Welcome to our first blog exploring and understanding Australian Aboriginal and Torres Strait Islander culture by exploring the Noongar season of Kambarang.
As we watch the landscape start to shimmer with ‘sunshine yellow’ blossom, we can feel the sun’s warmth growing stronger again. The season of birth – Kambarang – is here, also referred to as the wildflower season, for good reason.
With the rising temperatures, we see the wattles (acacias), banksias, kangaroo paw, kara or djubak (orchids), verticordias and leschenaultias among others, burst into bloom. if the balgas have been previously burnt or closely shaved they will also begin to flower!
With the slow waking of sleepy animals who have been hibernating throughout the colder months, there is also some wildlife to see. Firstly, this is the time when you are most likely to encounter a waakal (python) or yoorn (bobtail lizard). You’ll also hear the koolbardie’s (magpie) babies crying out for their parents, it is the season of birth after all, and we all know they are very protective.
Traditionally, this is when the Noongar people would have moved towards the coast from the hills, searching for freshwater crayfish, frogs and tortoises.
Although Kambarang is associated with the colour yellow, there is such a huge variety of other rich colours on display.
The most significant and striking flower you will see is the Moodjar, Western Australia’s native Christmas tree, which flowers from late October to January. This tree carries bright orange and yellow flowers and is spiritually significant to the Noongar people. Its bright colours indicate that the warm weather is heading our way.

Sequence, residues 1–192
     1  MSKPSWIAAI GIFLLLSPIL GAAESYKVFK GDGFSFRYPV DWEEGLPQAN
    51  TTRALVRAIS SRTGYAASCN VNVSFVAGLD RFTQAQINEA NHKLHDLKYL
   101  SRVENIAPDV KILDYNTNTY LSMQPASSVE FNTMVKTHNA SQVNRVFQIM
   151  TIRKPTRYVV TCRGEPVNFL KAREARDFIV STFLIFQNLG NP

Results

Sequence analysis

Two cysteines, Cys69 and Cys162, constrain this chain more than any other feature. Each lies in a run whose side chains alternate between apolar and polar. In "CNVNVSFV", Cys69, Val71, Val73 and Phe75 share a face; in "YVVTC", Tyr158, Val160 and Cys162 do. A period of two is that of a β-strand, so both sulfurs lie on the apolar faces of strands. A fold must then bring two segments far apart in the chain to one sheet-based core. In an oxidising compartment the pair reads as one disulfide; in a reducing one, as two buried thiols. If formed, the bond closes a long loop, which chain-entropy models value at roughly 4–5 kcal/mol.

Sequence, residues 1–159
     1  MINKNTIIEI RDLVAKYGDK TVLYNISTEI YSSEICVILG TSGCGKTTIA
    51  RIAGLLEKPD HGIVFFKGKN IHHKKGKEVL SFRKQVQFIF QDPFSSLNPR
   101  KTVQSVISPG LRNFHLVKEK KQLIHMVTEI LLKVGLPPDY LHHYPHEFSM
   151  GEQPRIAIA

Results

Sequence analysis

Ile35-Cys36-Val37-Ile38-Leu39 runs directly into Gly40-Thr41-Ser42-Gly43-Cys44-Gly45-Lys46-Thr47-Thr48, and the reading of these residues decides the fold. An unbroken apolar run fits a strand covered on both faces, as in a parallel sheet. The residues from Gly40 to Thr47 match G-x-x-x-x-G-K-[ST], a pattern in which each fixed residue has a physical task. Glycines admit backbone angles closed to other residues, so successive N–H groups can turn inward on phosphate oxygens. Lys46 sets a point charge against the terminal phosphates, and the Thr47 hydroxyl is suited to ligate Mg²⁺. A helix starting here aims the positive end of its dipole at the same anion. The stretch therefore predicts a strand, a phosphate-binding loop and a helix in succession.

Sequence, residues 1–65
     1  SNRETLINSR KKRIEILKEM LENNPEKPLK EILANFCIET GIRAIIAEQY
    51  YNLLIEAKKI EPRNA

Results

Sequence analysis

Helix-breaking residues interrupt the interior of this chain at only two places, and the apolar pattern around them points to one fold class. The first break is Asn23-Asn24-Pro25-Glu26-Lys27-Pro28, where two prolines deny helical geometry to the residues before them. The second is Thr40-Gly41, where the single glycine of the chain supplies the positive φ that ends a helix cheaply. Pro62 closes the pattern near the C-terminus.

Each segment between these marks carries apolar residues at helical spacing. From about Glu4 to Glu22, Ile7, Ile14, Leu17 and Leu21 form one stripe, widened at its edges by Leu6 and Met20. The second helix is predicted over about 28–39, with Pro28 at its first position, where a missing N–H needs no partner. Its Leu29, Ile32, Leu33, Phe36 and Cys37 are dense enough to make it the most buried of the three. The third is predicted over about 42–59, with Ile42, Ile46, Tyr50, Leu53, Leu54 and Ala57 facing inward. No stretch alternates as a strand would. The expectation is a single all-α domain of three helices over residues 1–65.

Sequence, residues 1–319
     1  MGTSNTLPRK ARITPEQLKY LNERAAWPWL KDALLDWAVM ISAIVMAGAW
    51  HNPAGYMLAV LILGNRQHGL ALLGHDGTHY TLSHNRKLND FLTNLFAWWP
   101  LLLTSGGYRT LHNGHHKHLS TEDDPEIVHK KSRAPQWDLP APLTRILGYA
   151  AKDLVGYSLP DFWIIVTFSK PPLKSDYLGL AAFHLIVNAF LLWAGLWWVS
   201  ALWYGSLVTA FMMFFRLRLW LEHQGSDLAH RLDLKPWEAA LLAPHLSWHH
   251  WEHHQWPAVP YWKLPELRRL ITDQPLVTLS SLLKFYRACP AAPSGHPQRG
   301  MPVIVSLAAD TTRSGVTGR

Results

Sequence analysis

The Aboriginal six-season calendar varies for different groups throughout the state and across Australia. It acts as an extremely important guide, outlining what nature is doing at every stage of the year and how to live safely, sustainably, and respectfully in relation to the land, plant and animal cycles and the preservation of environmental ecosystems.
In our Primary School, we are accessing Wingaru Education, which is a specialist organisation developing education programmes and resources to support schools, teachers and organisations. They are Aboriginal owned and operated, with a mission to assist in understanding the issues impacting our communities. More information can be found at www.wingaru.com.au.
A Yarn from our Koorlangkas (children)
My name is Lana and I am 12 years old, in Year 6 in Mr Parsons’s class. I live with Mum, Dad, Charlie, Taliah and Luke.
I am a Whadjuk Noongar girl and have lived in Perth all my life. I enjoy playing with my siblings and playing basketball. When I get to Secondary School, I look forward to seeing my brother Charlie more and participating in Drama, Dance and woodwork.
I am proud to be a Noongar Djooda (girl), and I want other people to know that my culture has been around for a long time.